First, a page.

But in this case I'm thinking more about a book by professor Jodi Dean titled "Aliens in America."  She introduced me to the concept of Fugitive Truth, which argues that in an age awash in media-borne "information" available to all, you can construct most any truth you want of whatever bits & pieces you choose.  Since a commonly-understood bullshit detector, like, say, science or evidence, can now be questioned in our all-subjective, all-the-time environment, you can just discard that & stick to your constructed belief.  

      Debate, consensus, proof?  How quaint.

      According to Prof. Dean, all that's left is fighting.  Either that or the idealogical equivalent of the old Mexican Stand-Off: both sides armed & immobile.  'Course that's my subjective take on her idea.

      Interesting how amnesia & information overload seem to go together these days ...

    •  Counter culture (none)
      Maybe we should be countering their "Culture of Life" claim by accusing them of supporting a "Culture of Violence." The evidence is there: support of the death penalty, war, and torture, for starters.

      Look out honey, 'cause I'm using technology! Ain't got time to make no apology

      by patop on Thu Mar 24, 2005 at 02:58:44 PM PST

      [ Parent ]

  •  If Iyers is a garden-variety sociopathic liar (4.00)
    there need never be any acknowledgement of anybody else's reality--a search for or recognition of some real truth is not going to matter to someone like that.

    ...the White House will be adorned by a downright moron...H.L. Mencken

    by bibble on Thu Mar 24, 2005 at 01:25:43 PM PST

    •  asdf (4.00)
      Could this be seen as a variation on Maunchausen by proxy?

      "I wish I could show you, when you are lonely or in darkness, the astonishing Light of your own Being." --Hafiz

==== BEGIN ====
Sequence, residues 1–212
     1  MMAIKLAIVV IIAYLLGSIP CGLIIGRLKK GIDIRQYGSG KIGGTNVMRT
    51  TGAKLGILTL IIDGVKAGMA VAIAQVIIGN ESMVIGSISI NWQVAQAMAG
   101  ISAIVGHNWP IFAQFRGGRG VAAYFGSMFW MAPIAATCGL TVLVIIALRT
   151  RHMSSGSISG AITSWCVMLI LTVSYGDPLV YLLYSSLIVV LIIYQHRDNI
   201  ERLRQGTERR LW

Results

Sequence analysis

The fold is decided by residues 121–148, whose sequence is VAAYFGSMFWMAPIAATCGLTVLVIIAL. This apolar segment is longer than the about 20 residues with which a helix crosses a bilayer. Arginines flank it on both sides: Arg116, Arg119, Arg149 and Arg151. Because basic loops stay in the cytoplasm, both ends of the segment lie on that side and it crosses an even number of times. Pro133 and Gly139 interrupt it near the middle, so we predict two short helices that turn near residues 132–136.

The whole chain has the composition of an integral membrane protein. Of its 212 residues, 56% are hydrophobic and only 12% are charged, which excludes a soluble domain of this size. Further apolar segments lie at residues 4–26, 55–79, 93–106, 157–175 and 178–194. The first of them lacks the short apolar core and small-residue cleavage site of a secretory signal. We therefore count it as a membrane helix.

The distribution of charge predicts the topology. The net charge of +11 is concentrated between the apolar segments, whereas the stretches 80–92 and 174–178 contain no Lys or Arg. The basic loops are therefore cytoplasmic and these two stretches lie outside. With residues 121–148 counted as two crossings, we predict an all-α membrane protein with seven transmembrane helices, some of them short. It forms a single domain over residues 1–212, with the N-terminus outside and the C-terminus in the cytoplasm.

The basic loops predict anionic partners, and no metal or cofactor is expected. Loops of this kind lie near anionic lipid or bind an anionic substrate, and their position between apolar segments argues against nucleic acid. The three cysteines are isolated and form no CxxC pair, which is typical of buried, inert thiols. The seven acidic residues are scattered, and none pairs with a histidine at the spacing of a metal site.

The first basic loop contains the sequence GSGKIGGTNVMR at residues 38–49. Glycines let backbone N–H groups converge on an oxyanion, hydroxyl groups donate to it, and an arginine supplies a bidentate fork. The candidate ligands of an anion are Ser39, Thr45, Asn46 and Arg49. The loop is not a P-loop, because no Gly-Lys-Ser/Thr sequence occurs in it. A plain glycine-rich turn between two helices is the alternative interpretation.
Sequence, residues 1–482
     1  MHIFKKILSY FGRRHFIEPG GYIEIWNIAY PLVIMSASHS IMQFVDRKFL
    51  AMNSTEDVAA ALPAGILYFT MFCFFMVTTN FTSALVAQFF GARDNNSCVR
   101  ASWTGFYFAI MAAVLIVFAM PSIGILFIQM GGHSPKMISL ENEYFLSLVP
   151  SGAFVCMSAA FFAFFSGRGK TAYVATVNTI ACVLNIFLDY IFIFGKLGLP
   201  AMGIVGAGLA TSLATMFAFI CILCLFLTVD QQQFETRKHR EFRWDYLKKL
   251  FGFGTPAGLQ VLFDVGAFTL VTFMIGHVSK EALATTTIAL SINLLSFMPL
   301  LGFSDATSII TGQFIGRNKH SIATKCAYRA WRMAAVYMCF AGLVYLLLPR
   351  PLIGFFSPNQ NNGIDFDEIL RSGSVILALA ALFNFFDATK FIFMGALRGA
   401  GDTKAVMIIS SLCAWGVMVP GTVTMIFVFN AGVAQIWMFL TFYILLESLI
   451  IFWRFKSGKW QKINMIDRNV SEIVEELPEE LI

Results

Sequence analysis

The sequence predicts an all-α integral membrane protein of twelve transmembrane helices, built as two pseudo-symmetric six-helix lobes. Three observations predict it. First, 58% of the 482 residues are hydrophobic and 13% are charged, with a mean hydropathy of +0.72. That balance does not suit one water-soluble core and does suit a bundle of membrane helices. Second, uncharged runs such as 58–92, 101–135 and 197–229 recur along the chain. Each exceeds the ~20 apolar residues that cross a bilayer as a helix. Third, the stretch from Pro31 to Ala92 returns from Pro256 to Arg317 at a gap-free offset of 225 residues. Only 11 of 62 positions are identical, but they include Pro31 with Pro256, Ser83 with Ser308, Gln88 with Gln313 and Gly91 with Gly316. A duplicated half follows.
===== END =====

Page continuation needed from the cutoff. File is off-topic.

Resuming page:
by mskate on Thu Mar 24, 2005 at 01:33:49 PM PST

      [ Parent ]

      •  Maybe (4.00)
        But I'd be more inclined to diagnose Narcissistic D/O.

        If it was Munchausen, more likely she'd be taking an active role to be seen as a hero or tragically oppressed figure. Or she would do things to Terri to get attention drawn to her. She'd have been WAY more vocal and drastic. Or maybe she has been? Can our Florida friends shed some light?


        "The trouble with Communism is the Communists, just as the trouble with Christianity is the Christians." - H.L Mencken

        by herooftheday on Thu Mar 24, 2005 at 01:39:45 PM PST

        [ Parent ]

        •  as a psychologist (4.00)
          I know it's impossible to make a diagnosis from a distance, though, doubtless, Bill Frist would feel qualified.

          We are not "compassionate conservatives." We are "fighting liberals." And we'll kick your ass.

          by Pachacutec on Thu Mar 24, 2005 at 01:42:33 PM PST

          [ Parent ]

  •  What happens? (4.00)
    Nothing.  They will believe what ever fits into their framework of reality.  As long as someone tells them what to believe, they will believe it.

    "[A] 'Sharecropper's Society' [is] precisely where our trade policies, supported by Republicans and Democrats alike, are taking us." - Warren Buffet

    by RichM on Thu Mar 24, 2005 at 01:26:31 PM PST

    •  Oh, I forgot... (4.00)
      History has shown us that whenever the fanatical come smack against reality, there is never self-reflection.  Witch hunts always ensue.  Always.

      "[A] 'Sharecropper's Society' [is] precisely where our trade policies, supported by Republicans and Democrats alike, are taking us." - Warren Buffet

      by RichM on Thu Mar 24, 2005 at 01:28:20 PM PST

      [ Parent ]

      •  asdf (none)
        Hope to hell I misunderstood your implication!

        The only second term dubya deserves is 20 to life!

        by Street Kid on Thu Mar 24, 2005 at 01:36:06 PM PST

        [ Parent ]

      •  Yep, RichM (none)
        "Violence" was the word that floated through my mind in response to DavidNYC's question.  When zealots are presented with things contrary to their beliefs, and can't escape confronting their dissonance, violence ensues.  Scary.